This robot made of algae can swim through your body—thanks to magnets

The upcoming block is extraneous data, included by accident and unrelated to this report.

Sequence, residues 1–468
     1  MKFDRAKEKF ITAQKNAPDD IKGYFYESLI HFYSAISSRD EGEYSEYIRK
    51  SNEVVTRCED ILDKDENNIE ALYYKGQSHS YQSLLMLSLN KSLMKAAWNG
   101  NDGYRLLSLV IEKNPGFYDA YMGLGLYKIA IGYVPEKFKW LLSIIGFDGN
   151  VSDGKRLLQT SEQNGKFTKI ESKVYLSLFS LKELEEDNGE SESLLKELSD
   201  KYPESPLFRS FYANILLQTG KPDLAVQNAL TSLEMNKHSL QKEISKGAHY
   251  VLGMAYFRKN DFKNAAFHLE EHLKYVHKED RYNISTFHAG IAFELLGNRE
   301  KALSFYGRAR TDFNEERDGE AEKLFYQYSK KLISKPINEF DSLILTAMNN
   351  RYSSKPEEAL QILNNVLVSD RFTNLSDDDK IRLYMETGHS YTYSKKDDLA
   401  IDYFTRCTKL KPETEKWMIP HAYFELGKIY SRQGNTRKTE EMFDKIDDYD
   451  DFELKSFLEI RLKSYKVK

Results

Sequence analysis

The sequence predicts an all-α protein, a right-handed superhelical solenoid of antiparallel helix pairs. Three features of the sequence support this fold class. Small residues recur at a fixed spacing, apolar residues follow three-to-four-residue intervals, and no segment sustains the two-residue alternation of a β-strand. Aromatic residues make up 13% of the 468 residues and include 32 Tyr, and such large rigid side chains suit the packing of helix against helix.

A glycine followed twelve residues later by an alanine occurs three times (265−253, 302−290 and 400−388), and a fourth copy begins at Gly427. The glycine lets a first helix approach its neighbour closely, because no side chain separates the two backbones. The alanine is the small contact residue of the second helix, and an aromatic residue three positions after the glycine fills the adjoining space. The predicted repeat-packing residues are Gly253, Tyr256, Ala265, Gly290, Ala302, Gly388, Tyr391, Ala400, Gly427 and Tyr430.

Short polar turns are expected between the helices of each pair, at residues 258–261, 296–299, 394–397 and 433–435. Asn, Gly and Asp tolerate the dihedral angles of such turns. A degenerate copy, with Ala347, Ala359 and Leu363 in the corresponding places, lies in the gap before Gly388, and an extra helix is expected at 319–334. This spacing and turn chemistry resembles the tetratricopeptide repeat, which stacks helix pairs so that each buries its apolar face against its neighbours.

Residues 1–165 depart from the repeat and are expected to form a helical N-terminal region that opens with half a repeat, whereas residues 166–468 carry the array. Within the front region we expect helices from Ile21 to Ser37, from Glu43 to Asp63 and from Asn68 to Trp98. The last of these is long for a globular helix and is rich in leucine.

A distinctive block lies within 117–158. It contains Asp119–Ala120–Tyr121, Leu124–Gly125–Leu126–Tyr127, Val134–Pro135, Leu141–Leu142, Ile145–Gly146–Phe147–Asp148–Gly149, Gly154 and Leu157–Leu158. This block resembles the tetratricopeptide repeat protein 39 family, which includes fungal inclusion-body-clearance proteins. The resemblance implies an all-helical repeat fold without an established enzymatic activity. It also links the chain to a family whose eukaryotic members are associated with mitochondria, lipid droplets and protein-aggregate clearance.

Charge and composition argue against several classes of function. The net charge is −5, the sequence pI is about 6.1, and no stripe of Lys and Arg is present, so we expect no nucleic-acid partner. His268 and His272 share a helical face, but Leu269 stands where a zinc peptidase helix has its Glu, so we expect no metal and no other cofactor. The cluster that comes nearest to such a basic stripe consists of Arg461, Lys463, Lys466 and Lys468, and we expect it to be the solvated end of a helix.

first_img By Elizabeth PennisiNov. 22, 2017 , 2:00 PM For decades, engineers have been trying to build medical robots that can deliver drugs or do surgery inside the human body—a somewhat less fantastic version of the 1966 sci-fi film Fantastic Voyage. Now, scientists have manipulated spirulina, a microscopic plant and food supplement, to travel through people in response to magnetic signals. The biohybrid robot could one day carry drugs to specific parts of the body, minimizing side effects. What’s more, the robot—and its magnetic coat—appear to kill cancer cells.Spirulina, an alga, looks like a tiny coiled spring at the microscopic level. Researchers had been trying, and succeeding to various degrees, to build bots out of rods, tubes, spheres, and even cages no bigger than a cell. Outfitting these tiny devices with an ample power supply has been quite a challenge, as most potential fuels are toxic to humans. Another problem is steering such a microrobot through the body’s maze of proteins and other molecules, which requires both a way to control its movements and to see where it is.So Li Zhang, a materials scientist at the Chinese University of Hong Kong in Shatin, turned to magnetism—and living organisms. Magnetic fields created outside the body can penetrate living tissue without harm, allowing researchers to move magnetized objects around inside. For maximum mobility, a helical body propelled by twirling works best. Enter spirulina. “It’s surprising that you can find in nature such a convenient structure and that it can behave so nicely,” says Peer Fischer, a physical chemist at the Max Planck Institute for Intelligent Systems in Stuttgart, Germany, who was not involved in the study.Sign up for our daily newsletterGet more great content like this delivered right to you!Country *AfghanistanAland IslandsAlbaniaAlgeriaAndorraAngolaAnguillaAntarcticaAntigua and BarbudaArgentinaArmeniaArubaAustraliaAustriaAzerbaijanBahamasBahrainBangladeshBarbadosBelarusBelgiumBelizeBeninBermudaBhutanBolivia, Plurinational State ofBonaire, Sint Eustatius and SabaBosnia and HerzegovinaBotswanaBouvet IslandBrazilBritish Indian Ocean TerritoryBrunei DarussalamBulgariaBurkina FasoBurundiCambodiaCameroonCanadaCape VerdeCayman IslandsCentral African RepublicChadChileChinaChristmas IslandCocos (Keeling) IslandsColombiaComorosCongoCongo, The Democratic Republic of theCook IslandsCosta RicaCote D’IvoireCroatiaCubaCuraçaoCyprusCzech RepublicDenmarkDjiboutiDominicaDominican RepublicEcuadorEgyptEl SalvadorEquatorial GuineaEritreaEstoniaEthiopiaFalkland Islands (Malvinas)Faroe IslandsFijiFinlandFranceFrench GuianaFrench PolynesiaFrench Southern TerritoriesGabonGambiaGeorgiaGermanyGhanaGibraltarGreeceGreenlandGrenadaGuadeloupeGuatemalaGuernseyGuineaGuinea-BissauGuyanaHaitiHeard Island and Mcdonald IslandsHoly See (Vatican City State)HondurasHong KongHungaryIcelandIndiaIndonesiaIran, Islamic Republic ofIraqIrelandIsle of ManIsraelItalyJamaicaJapanJerseyJordanKazakhstanKenyaKiribatiKorea, Democratic People’s Republic ofKorea, Republic ofKuwaitKyrgyzstanLao People’s Democratic RepublicLatviaLebanonLesothoLiberiaLibyan Arab JamahiriyaLiechtensteinLithuaniaLuxembourgMacaoMacedonia, The Former Yugoslav Republic ofMadagascarMalawiMalaysiaMaldivesMaliMaltaMartiniqueMauritaniaMauritiusMayotteMexicoMoldova, Republic ofMonacoMongoliaMontenegroMontserratMoroccoMozambiqueMyanmarNamibiaNauruNepalNetherlandsNew CaledoniaNew ZealandNicaraguaNigerNigeriaNiueNorfolk IslandNorwayOmanPakistanPalestinianPanamaPapua New GuineaParaguayPeruPhilippinesPitcairnPolandPortugalQatarReunionRomaniaRussian FederationRWANDASaint Barthélemy Saint Helena, Ascension and Tristan da CunhaSaint Kitts and NevisSaint LuciaSaint Martin (French part)Saint Pierre and MiquelonSaint Vincent and the GrenadinesSamoaSan MarinoSao Tome and PrincipeSaudi ArabiaSenegalSerbiaSeychellesSierra LeoneSingaporeSint Maarten (Dutch part)SlovakiaSloveniaSolomon IslandsSomaliaSouth AfricaSouth Georgia and the South Sandwich IslandsSouth SudanSpainSri LankaSudanSurinameSvalbard and Jan MayenSwazilandSwedenSwitzerlandSyrian Arab RepublicTaiwanTajikistanTanzania, United Republic ofThailandTimor-LesteTogoTokelauTongaTrinidad and TobagoTunisiaTurkeyTurkmenistanTurks and Caicos IslandsTuvaluUgandaUkraineUnited Arab EmiratesUnited KingdomUnited StatesUruguayUzbekistanVanuatuVenezuela, Bolivarian Republic ofVietnamVirgin Islands, BritishWallis and FutunaWestern SaharaYemenZambiaZimbabweI also wish to receive emails from AAAS/Science and Science advertisers, including information on products, services and special offers which may include but are not limited to news, careers information & upcoming events.Required fields are included by an asterisk(*)Several years ago, Zhang and his colleagues used the alga as inspiration for a synthetic microbot, which worked to some degree. This time, the scientists decided to use the alga itself. They needed a way to track the robot in the body, and the alga produces a fluorescent glow. The researchers wondered whether they could follow the robot’s course near the body surface by detecting this fluorescence, and then use a commonly used medical imaging technology called nuclear magnetic resonance (NMR) to track it in deeper parts of the body. NMR works by detecting magnetic particles given to a patient before the imaging takes place.They developed a one-step method to magnetize the alga, coating millions of spirulina with iron oxide nanoparticles. A longer dip time allows for more control, but a shorter dip time allows researchers to detect the fluorescence more readily. When the bot is too deep for that technique to work, NMR can still follow the robot’s course because of the coating, the researchers report today in Science Robotics. Using NMR, they observed the microrobots swarm in a rat’s stomach as directed by the magnetic field.“It’s a step forward that you can track these swimmers in the body,” says Joseph Wang, a nanoengineer at the University of California, San Diego, who is developing a different sort of medical microbot. “And it’s biocompatible and low cost.”That biocompatibility is an important feature. The microrobot degrades in hours or days, depending on how thick the coating is; yet it doesn’t damage most cells. The one exception was cancer cells, some 90% of which were destroyed after tumor cells growing in a lab dish were exposed to the spirulina for 48 hours. Further tests indicated that spirulina produces a compound that’s toxic just to cancer cells. “The [cancer-killing] behavior seems to be an interesting, unexpected feature,” Fischer says.But there’s still a long way to go for the half-dozen teams around the world now developing such microrobots. Zhang’s team, for example, still needs to show that its microbot can carry cargo—such as drugs attached to or within the spiral—and deliver those drugs more effectively than just taking a pill or getting an injection. “It’s still not ready for a doctor to use,” Wang says, but he thinks it might be ready in another 10 years. “Everyone wants to realize this fantastic voyage.” This robot made of algae can swim through your body—thanks to magnetslast_img